A, during normoxia, HF rabbits have an increased carotid sinus nerve (CSN) afferent discharge compared to sham animals. B, carotid bodies of HF rabbits have a higher sensitivity to isocapnic hypoxia (i.e. hyper-reflexia) when compared to sham animals. Data in A and B were modified from Sun et al. (1999) with permission. C, in HF rats, early carotid body denervation attenuates the deterioration of left-ventricle ejection fraction (EF; top panel) and improves the survival rate when compared to intact carotid body HF rats (lower panel). Modified from Del Rio et al. (2013) with permission. D, in HF rabbits, carotid body denervation improved respiratory arrhythmias and reduced sympathetic discharge when compared to HF animals with CBs intact. Data modified from Marcus et al. (2014) with permission. CBD, carotid body denervation; DF, discharge frequency; iSNA, integrated renal sympathetic nerve activity; VT, tidal volume.

Additionally, patients with HF often display a high incidence (>60%) of breathing disorders (i.e. apnoea, hypopnoea and breathing variability), and these have been closely related to the progression of the disease (Bradley & Floras, 2003a, 2003b; Leung et al., 2012). Therefore, it has been proposed that the exaggerated responses rising from hyper-reactive carotid bodies to apnoeas or hypopnoeas contribute to respiratory instability creating a feed-forward mechanism that sustains the maintenance of disordered breathing in HF (Solin et al., 2000).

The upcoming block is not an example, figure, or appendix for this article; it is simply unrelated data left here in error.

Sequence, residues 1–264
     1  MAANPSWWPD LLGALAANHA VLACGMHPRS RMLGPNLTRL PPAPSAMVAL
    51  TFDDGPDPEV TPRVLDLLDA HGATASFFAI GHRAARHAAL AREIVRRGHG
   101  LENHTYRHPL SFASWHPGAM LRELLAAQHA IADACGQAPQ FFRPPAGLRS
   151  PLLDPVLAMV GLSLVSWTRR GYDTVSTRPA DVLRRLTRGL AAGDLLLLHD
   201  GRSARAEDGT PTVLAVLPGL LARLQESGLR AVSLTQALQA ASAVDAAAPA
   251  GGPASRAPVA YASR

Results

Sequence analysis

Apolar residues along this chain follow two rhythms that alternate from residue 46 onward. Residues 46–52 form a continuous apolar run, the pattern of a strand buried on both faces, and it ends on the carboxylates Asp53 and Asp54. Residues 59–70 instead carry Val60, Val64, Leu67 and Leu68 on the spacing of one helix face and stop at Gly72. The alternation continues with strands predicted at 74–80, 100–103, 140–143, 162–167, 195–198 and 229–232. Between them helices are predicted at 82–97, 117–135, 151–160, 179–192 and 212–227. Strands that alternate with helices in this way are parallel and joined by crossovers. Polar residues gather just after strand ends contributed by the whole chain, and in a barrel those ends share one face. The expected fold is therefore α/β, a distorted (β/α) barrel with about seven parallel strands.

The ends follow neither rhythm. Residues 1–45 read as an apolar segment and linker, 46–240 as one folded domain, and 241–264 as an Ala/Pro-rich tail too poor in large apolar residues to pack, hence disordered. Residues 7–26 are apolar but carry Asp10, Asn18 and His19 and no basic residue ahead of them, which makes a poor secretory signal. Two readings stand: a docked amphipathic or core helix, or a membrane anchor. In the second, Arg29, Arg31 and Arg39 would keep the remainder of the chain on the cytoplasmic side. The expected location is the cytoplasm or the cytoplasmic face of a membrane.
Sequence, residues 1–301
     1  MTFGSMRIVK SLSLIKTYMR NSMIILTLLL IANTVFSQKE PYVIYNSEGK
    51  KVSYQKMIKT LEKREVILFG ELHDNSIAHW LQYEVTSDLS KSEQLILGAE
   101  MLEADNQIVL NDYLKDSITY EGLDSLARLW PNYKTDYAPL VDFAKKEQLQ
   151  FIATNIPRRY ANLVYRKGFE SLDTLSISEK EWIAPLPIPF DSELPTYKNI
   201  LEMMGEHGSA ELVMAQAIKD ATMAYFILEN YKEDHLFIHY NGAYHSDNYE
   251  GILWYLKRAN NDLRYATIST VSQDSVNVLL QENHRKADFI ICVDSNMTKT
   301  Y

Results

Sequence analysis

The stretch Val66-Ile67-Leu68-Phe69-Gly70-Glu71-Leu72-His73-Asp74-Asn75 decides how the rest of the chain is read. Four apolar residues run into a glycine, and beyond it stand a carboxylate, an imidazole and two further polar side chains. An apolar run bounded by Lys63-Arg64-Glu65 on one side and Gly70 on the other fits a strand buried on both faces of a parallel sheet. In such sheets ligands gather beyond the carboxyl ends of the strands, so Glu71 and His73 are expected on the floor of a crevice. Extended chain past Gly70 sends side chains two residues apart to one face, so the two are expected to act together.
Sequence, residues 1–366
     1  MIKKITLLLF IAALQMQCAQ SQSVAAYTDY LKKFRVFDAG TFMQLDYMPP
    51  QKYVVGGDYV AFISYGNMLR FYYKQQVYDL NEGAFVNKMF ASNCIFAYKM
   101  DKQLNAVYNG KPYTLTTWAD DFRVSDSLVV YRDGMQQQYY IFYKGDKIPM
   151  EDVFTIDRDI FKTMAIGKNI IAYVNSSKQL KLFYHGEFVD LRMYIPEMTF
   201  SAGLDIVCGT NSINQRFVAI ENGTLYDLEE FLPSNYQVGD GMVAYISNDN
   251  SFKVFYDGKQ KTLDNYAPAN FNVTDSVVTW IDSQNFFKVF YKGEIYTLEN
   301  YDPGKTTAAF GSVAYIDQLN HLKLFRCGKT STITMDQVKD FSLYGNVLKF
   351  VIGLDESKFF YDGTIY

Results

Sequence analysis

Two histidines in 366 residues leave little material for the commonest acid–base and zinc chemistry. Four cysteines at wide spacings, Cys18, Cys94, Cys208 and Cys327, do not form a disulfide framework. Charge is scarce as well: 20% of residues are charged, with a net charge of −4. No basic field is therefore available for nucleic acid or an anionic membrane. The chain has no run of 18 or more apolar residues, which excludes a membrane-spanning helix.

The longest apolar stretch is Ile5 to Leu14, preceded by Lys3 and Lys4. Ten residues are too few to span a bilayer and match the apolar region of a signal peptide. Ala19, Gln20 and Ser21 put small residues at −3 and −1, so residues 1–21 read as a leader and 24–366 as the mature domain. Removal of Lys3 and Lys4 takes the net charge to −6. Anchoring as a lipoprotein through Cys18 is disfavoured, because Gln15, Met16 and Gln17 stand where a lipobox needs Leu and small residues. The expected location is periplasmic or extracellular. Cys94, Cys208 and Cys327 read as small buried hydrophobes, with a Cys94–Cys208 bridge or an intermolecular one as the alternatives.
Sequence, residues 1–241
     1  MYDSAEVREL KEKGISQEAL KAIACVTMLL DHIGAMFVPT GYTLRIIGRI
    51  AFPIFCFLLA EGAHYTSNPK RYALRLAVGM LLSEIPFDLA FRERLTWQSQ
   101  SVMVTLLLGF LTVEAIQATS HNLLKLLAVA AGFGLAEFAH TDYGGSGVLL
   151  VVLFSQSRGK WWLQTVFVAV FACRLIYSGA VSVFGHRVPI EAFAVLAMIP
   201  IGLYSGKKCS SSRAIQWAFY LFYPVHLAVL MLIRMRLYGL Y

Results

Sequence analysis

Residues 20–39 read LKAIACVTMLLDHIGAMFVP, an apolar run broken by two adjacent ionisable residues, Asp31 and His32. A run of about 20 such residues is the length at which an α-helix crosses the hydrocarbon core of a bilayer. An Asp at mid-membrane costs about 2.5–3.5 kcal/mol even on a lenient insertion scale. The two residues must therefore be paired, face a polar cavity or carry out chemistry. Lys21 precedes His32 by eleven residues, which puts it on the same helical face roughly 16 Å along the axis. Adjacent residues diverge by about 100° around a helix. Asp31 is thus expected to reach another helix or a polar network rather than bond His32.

Besides, it is worth noting that causal evidence supporting a definite contribution of carotid bodies on cardiorespiratory alterations in the setting of HF was not available until recently. Indeed, Del Rio et al. showed that the role played by carotid bodies on autonomic imbalance and breathing disorders using bilateral carotid body ablation in rats with HF (Del Rio et al., 2013b) and rabbits (Marcus et al., 2014). Notably, when performed earlier during HF progression, carotid body ablation not only improved both autonomic and breathing function but also significantly improved survival rates in HF rats (Fig. 2C) (Del Rio et al., 2013b). Similarly, Marcus et al. (2014) showed that carotid body ablation reduces renal sympathetic nerve discharge, cardiac arrhythmogenesis, improved baroreflex sensitivity and normalized sympatho-respiratory coupling in rabbits with HF (Fig. 2D).

In the same line, Niewiński et al. (2013) presented the first-in-man study providing evidence showing that carotid body ablation can be safely translated into human HF studies. In this case report, unilateral carotid body ablation was performed in severe HF conditions. This case study supports the findings obtained in pre-clinical models showing that carotid body ablation offers the salutary potential for improving autonomic function. However, only modest effects were observed (Niewiński et al., 2013). Unfortunately, no follow-up measurements of this patient were performed to establish if, in the long term, the effects of carotid body ablation on autonomic function were larger. In later studies performed by the same group, they found that bilateral carotid body ablation significantly reduced both hypoxic-induced hypertension (Niewinski et al., 2014) and MSNA incidence, and improved exercise tolerance (Niewinski et al., 2017). These results confirm and extend previous results obtained in different experimental HF conditions (i.e. myocardial infarcted HF rats and pacing-induced HF rabbits) and human HF studies and add new data showing that the enhanced haemodynamic response to hypoxia observed in HF patients requires functional carotid bodies.